Medicinal marijuana growers concerned over new pot regulations

NANAIMO - New regulations proposed by Health Canada will take away authorization for medical marijuana patients to grow at home

While Health Canada hopes proposed marijuana regulations criminalizing home production of the plant for medical purposes will nip issues like safety and abuse in the bud, the news has local licensed growers concerned the rules could make it harder for patients to afford the medicine they need.

On Dec. 16, Health Minister Leona Aglukkag announced that the government will no longer produce and distribute marijuana for medical purposes – instead delegating the task to licensed producers who meet strict security requirements. The current Marijuana Medical Access Program (MMAP), which has grown from 500 users to 26,000 in the last decade, will be axed in favour of Marijuana for Medical Purposes Regulations (MMPR).

Under the old program, participants are able to access medical marijuana through Health Canada at a heavily subsidized cost of $5 per gram, or become licensed to grow their prescribed allotment from home.

“The way the [current] system works essentially costs taxpayers millions of dollars each year,”  said Stephane Shank, Health Canada spokesman. “The government’s concerned that the program is open to abuse and has led to some illicit activity, and due to that, while the courts have said that there must be reasonable access to marijuana for medical purposes, we believe this must be done in a controlled fashion in order to protect public safety.

“Essentially, the goal is to treat marijuana as much as possible like other narcotics used for medical purposes by creating conditions for a commercial industry that would be responsible for its production and distribution.”

He added that the new regulations will address concerns with fire hazards that have been a consequence of allowing individuals to grow at home.

Under the new regulations, health-care practitioners will be able to sign a medical document similar to a prescription, and then patients can purchase the appropriate amount from an authorized vendor.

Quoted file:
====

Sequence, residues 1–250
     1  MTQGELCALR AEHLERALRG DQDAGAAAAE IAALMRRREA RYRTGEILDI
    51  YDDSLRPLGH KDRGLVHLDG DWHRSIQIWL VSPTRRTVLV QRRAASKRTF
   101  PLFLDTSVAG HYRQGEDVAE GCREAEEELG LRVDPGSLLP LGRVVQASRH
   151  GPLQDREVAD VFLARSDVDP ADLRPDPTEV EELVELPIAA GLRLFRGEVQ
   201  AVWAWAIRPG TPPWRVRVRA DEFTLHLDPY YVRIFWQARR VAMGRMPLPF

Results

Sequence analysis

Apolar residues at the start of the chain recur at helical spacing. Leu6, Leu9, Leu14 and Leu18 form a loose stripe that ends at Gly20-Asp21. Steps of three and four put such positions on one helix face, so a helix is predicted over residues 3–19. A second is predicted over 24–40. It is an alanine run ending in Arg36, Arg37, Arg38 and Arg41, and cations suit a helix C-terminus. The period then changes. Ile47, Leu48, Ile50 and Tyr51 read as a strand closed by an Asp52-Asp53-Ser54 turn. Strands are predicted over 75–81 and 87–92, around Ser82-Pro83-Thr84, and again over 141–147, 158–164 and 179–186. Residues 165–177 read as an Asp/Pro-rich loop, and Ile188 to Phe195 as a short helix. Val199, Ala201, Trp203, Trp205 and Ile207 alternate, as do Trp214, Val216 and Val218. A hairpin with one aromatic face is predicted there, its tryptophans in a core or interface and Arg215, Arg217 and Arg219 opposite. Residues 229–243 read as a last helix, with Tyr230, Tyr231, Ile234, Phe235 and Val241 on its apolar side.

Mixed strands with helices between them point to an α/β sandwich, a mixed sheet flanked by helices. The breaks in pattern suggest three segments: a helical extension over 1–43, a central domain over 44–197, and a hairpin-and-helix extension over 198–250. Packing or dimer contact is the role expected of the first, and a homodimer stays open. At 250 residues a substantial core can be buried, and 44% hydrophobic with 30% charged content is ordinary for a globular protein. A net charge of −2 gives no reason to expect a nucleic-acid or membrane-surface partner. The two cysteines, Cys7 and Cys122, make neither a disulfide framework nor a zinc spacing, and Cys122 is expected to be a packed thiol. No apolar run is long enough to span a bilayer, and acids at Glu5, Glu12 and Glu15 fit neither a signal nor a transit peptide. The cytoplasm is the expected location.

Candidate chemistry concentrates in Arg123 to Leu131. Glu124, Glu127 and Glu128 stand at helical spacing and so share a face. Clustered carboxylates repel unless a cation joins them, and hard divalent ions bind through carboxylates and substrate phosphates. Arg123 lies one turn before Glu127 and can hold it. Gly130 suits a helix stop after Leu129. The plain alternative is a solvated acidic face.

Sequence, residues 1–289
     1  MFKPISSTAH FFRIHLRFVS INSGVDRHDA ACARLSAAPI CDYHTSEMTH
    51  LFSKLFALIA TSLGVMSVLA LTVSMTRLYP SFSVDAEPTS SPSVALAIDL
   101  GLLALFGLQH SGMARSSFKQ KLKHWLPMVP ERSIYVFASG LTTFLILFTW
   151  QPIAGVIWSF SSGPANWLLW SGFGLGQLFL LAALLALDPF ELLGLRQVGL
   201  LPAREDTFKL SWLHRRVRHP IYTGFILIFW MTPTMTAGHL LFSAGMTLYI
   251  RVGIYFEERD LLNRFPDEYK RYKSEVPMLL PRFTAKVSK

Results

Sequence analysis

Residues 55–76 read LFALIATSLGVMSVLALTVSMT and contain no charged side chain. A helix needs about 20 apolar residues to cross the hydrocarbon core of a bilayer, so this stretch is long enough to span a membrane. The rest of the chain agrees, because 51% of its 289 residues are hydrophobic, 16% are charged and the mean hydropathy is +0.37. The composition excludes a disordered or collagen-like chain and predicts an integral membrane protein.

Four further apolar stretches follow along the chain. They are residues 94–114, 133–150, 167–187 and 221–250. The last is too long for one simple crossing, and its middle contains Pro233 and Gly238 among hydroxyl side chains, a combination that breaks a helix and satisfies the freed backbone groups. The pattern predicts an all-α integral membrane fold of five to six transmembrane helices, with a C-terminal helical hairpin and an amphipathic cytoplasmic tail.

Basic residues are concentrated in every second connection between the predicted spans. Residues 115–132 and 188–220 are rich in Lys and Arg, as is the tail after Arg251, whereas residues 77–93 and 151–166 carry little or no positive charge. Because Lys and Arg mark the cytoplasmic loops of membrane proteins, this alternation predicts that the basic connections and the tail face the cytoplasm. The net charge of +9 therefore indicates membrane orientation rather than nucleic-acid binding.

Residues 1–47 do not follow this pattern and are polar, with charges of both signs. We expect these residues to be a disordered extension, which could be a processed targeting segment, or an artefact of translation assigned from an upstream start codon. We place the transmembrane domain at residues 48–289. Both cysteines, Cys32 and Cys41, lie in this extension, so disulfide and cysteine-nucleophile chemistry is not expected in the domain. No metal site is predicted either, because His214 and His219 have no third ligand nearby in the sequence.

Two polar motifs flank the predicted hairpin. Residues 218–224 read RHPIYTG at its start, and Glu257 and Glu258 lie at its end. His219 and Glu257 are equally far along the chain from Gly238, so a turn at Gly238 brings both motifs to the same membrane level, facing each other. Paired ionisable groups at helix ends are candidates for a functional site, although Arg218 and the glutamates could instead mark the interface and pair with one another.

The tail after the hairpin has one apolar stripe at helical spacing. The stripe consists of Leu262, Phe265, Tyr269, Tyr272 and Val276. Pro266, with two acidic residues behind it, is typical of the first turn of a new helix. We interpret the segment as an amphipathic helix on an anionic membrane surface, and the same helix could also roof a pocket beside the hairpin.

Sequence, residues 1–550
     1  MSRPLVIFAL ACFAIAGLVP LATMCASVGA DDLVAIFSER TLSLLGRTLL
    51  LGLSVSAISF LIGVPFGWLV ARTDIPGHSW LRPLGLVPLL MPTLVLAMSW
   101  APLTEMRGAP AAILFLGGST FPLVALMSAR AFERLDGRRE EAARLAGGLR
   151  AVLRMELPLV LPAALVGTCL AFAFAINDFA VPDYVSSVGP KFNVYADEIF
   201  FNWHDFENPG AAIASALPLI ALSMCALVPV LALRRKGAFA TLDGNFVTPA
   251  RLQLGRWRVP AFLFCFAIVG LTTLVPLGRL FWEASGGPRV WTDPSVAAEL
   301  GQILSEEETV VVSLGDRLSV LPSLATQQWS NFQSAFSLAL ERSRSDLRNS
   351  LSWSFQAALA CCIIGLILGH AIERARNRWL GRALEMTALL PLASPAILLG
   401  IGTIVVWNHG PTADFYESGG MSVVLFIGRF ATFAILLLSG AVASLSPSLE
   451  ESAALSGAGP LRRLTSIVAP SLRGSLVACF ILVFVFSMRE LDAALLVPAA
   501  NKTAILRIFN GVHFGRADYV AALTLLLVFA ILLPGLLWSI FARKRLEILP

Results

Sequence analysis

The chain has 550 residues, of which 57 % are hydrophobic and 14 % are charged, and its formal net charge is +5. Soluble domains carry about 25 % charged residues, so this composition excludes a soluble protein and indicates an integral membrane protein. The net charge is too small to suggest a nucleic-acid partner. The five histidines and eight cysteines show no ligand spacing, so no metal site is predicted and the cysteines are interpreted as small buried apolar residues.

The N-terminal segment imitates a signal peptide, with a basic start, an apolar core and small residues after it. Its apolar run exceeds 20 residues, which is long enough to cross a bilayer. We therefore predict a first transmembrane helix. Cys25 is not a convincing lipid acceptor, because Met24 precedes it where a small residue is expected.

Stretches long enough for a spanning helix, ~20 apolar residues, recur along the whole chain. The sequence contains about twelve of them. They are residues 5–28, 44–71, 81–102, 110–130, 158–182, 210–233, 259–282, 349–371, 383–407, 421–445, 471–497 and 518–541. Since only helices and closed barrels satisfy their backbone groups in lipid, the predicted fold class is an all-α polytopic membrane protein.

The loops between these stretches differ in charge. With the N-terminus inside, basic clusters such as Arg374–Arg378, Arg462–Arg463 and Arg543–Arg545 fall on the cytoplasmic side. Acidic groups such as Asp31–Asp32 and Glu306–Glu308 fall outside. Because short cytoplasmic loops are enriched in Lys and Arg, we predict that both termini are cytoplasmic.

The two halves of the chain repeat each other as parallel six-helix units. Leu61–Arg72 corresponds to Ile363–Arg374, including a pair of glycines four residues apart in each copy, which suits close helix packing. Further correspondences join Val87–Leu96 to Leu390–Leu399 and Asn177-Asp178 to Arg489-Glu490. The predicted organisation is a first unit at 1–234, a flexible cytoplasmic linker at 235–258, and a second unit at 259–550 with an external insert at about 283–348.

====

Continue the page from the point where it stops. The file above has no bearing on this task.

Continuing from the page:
Shank said it will be up to the licensed producers to set the price.

“From that, there is the possibility of an increase,” he said.

The target date to fully implement the new system is March 31, 2014, at which point all authorizations to possess and licenses to produce under the old program will expire.

“It’s a sad day for Canadians,” said Bob Estes, a licensed medicinal marijuana user who operates Organic Matters Compassionate Access Centre in Nanaimo. “Most people can’t afford it and apparently the prices are going to double. I don’t know how I’m going to afford $600 a day.

“It’s going to mean that a lot of people are going to be without their medicine.”

Estes, who uses approximately 60 grams of medical marijuana a day for a broken back, topically and through ingestion, says the safety issues regarding growing have been blown out of proportion.

“Christmas trees burn down more houses than grow-ops,” he said.

Estes is concerned that medicinal users rights are being taken away and that criminalizing licensed users growing from home will force their activities underground.

“Terry Parker won the right in 1999 for us to grow our own medicine in the Supreme Court, and that’s why the system is in place now,” he said. “We’ve already won the right, to do this is double jeopardy, it’s brutal.”

Pam Edgar says she has concerns about the quality of commercially produced marijuana.

“If I’m going to have to purchase my medicinal-use cannabis from a government regulated source, are they going to be able to provide me with what I need as opposed to me growing the strains that treat my symptoms?” she asked. “Are they going to be that educated? Are they going to grow more than one strain?”

Edgar, a licensed grower who has used medicinal marijuana for the past 20 years to treat MS and a nerve injury resulting from a motorcycle accident, said education is key when it comes to marijuana use.

She said the majority of people do not know that there are different strains of the plant that treat different symptoms. Choosing the wrong strain can have adverse affects on the body, which makes buying off the street a dangerous proposition. Among other benefits, growing from home allows the user the relief of knowing what they’re putting into their bodies.

“For many people, growing is very therapeutic – like growing vegetables, growing fruit, growing flowers,” Edgar said. “And for anyone to have three cannabis plants mixed in with their tomatoes, lettuce and corn, the cost difference is huge.”

Health Canada is encouraging Canadians to participate in the 75-day comment period, which ends Feb. 28, 2013. Until that time, those interested in becoming licensed producers can work with Health Canada to apply for authorization to conduct research and development activities with marijuana such as testing plant materials and growing conditions on-site.

For detailed information on the new regulations, please visit http://www.hc-sc.gc.ca/dhp-mps/marihuana/future-avenir/index-eng.php

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